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How one insurance carrier uses behavioral economics to improve customer service – Interview with Dan Ariely

The traditional insurance business model has a weak spot: it tends to generate resentful customers. Bureaucratic claims processes, long delays and fine-print legalese can conspire to frustrate policy holders at the precise time when they are feeling most vulnerable.

Dan Ariely — a distinguished professor of psychology and behavioral economics at Duke University, two-time New York Times best-selling author and the chief behavioral officer at Lemonade, Inc. (a pioneering P2P insurance carrier) — shared his insights on how today’s businesses, particularly insurers, can use behavioral economics to improve customer service in order to forge long-lasting relationships built on loyalty and trust.

Q: Your research into behavioral economics suggests that customer experience may affect behavior in seemingly irrational ways. In your book, Predictably Irrational, you drive home the point that such behavior is nonetheless largely predictable. Can you expand on that?

Dan Ariely: There are two types of irrational behaviors. There are irrational behaviors that are kind of irrational and negative (like texting and driving, not exercising) and there are rational behaviors that are irrational from the economic perspective, but [desirable, like tipping restaurant servers]. There are many of those rational but good behaviors.

For example, when people taste wine and they expect that wine to be fantastic and because of their expectations of it to be fantastic, it actually becomes better. It is irrational. It is not part of the standard framework, it is not an objective experience of the wine. But nevertheless, the fact that our expectations can play a role in the way we experience the world is a wonderful, wonderful thing. I would not want to give it up. And there are many other examples like this.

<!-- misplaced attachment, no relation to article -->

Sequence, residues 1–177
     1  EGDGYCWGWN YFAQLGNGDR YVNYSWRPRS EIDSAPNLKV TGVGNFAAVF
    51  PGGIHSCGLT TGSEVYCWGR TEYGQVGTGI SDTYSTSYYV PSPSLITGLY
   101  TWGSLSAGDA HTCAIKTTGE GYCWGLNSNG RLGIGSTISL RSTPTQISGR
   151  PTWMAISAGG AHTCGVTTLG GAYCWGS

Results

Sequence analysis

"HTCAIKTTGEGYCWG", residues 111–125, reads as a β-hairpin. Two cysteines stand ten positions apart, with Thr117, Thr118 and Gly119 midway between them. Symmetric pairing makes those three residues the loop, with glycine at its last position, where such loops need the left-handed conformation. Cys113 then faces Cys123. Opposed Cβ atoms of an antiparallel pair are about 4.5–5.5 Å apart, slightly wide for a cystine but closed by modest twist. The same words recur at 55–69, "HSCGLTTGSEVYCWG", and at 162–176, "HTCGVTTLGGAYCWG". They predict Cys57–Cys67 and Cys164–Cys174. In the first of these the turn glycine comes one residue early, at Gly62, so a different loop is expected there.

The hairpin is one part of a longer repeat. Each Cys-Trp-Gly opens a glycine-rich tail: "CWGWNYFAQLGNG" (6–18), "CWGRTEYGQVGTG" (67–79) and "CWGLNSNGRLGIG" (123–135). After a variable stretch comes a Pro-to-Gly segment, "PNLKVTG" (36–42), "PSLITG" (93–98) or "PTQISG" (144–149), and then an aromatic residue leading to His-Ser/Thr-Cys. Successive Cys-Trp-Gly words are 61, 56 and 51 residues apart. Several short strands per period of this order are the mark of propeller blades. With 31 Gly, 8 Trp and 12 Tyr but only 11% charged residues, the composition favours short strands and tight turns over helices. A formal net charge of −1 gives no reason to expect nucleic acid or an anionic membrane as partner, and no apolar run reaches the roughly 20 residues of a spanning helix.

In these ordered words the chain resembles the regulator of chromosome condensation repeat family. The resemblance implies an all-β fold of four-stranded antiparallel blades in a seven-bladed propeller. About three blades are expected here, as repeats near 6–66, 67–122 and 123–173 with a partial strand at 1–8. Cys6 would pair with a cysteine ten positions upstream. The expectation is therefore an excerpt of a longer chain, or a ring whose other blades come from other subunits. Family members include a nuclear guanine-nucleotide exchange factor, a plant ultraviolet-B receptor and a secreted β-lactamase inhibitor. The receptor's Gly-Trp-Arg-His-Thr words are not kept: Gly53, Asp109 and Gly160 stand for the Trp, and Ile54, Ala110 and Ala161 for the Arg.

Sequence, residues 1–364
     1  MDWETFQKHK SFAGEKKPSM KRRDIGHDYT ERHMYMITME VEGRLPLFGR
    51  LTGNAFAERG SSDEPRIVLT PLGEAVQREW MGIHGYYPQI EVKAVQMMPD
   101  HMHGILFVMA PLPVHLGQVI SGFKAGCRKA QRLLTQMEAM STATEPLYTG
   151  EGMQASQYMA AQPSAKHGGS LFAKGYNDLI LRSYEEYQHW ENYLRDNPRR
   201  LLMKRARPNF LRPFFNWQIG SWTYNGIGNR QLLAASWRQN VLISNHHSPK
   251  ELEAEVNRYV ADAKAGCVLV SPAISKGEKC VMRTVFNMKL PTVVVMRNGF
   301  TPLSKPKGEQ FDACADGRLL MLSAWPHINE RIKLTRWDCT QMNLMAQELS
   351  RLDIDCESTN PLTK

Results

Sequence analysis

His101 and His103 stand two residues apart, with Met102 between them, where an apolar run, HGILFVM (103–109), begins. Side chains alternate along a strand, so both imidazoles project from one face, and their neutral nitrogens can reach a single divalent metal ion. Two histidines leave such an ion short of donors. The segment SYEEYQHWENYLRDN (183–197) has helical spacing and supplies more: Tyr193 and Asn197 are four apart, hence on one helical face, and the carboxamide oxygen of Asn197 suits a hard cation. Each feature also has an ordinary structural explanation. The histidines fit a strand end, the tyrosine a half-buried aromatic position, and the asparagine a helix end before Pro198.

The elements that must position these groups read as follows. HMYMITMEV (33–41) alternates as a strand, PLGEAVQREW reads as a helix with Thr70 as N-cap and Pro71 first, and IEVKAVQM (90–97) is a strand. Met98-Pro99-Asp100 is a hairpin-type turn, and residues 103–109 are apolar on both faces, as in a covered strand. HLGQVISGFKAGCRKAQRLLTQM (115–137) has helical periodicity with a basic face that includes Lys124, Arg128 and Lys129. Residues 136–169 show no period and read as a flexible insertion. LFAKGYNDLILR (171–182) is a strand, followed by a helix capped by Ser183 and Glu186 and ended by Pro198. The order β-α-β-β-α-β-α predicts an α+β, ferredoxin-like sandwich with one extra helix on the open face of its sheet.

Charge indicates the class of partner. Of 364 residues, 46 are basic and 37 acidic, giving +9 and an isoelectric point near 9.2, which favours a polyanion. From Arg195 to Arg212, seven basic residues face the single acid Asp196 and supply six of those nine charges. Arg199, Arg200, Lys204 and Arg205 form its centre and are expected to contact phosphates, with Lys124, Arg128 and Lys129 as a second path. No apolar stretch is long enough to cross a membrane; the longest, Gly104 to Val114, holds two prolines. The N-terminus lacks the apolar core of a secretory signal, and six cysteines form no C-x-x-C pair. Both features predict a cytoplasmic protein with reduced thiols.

Q: How can a business take predictable irrationality into account when designing the customer experience?

DA: Often, what we recommend that businesses do is to start with something called the behavioral diagnostic process.

The behavioral diagnostic process is a process by which [we] first look at what the barriers are for good behavior—what are people not doing well? What is right now stopping people from behaving better? The second part is to say: what are the motivations we can build into it? You can think of this as a version of gamification.

If we take retirement savings as an example — someone is joining their work on the first day and they have a retirement savings account. They have an incentive to put money into it, but procrastination, complexity of the decision, and the fear of making mistakes are basically slowing people down. You can ask in the behavioral diagnosis part, “How do we reduce those barriers? How do we help people figure out what is acceptable and what is the right decision and set it up for them?”